Journal of Management Information Systems

Volume 30 Number 1 2013 pp. 153-190

The Drivers in the Use of Online Whistle-Blowing Reporting Systems

Lowry, Paul Benjamin, Moody, Gregory D, Galletta, Dennis F, and Vance, Anthony

ABSTRACT: Online whistle-blowing reporting systems (WBRS) have become increasingly prevalent channels for reporting organizational failures. The Sarbanes-Oxley Act and similar international laws now require firms to establish whistle-blowing (WB) procedures and WBRSs, increasing the importance of WB research and applications. Although the literature has addressed conventional WB behavior, it has not explained or measured the use of WBRSs in online contexts that could significantly alter elements of anonymity, trust, and risk for those using such reporting tools. This study proposes the WBRS model (WBRS-M). Using actual working professionals in an online experiment of hypothetical scenarios, we empirically tested the WBRS-M for reporting computer abuse and find that anonymity, trust, and risk are highly salient in the WBRS context. Our findings suggest that we have an improved WB model with increased explanatory power. Organizations can make WB less of a professional taboo by enhancing WBRS users' perceptions of trust and anonymity. We also demonstrate that anonymity means more than the mere lack of identification, which is not as important in this context as other elements of anonymity.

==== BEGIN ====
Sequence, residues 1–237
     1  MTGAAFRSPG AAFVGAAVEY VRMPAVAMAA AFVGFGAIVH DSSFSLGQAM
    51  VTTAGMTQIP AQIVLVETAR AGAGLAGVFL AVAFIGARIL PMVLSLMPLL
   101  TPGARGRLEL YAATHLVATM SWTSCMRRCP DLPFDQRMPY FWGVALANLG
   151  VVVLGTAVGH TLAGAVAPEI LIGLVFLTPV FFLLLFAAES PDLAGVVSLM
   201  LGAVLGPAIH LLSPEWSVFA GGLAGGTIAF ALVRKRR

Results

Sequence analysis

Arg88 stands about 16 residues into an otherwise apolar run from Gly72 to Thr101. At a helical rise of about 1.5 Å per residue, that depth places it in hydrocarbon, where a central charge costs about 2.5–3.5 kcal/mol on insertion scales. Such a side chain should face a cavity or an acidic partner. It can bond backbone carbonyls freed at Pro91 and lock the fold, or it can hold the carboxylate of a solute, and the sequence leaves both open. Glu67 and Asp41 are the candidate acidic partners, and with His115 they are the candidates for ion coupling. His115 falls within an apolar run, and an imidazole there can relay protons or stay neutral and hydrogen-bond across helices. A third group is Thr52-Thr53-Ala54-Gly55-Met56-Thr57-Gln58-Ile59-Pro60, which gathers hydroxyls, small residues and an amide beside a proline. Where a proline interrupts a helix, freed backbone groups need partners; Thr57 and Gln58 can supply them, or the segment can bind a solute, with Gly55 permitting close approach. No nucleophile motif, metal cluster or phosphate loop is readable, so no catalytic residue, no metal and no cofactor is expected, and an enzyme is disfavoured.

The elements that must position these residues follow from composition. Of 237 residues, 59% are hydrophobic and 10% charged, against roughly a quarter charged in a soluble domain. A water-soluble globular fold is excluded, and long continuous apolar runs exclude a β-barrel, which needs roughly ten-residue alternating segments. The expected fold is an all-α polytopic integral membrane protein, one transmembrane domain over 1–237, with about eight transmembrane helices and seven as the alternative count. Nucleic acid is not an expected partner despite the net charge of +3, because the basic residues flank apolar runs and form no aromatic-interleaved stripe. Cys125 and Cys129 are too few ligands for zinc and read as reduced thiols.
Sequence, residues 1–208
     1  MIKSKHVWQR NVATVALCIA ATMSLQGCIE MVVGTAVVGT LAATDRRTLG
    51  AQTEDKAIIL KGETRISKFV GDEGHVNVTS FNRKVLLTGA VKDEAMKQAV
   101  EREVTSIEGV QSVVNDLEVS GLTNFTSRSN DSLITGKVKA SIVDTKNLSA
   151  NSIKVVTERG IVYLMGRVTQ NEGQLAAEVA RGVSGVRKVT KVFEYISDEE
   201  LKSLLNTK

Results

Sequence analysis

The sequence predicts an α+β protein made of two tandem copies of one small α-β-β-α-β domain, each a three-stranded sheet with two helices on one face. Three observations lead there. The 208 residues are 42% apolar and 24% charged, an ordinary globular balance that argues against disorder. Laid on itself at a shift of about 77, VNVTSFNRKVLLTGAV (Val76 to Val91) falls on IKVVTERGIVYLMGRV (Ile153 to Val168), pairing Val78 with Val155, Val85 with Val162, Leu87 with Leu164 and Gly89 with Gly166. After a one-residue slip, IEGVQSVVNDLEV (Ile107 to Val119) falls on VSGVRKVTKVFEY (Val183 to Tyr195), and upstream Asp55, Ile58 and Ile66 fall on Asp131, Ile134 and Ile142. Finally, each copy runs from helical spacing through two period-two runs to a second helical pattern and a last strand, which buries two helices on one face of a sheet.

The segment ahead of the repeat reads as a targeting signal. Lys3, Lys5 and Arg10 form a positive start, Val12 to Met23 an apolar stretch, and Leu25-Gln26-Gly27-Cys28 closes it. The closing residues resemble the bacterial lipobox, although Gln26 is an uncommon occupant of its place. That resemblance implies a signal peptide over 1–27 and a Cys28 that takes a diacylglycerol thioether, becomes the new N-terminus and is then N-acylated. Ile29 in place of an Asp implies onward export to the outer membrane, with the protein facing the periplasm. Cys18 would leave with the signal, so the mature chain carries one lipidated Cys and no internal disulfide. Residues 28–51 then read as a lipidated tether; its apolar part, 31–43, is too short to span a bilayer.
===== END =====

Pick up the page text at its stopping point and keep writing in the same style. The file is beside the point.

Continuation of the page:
Key words and phrases: anonymity, computer abuse, IT artifacts, organizational failure, organizational governance, risk, trust, whistle-blowing, whistle-blowing reporting systems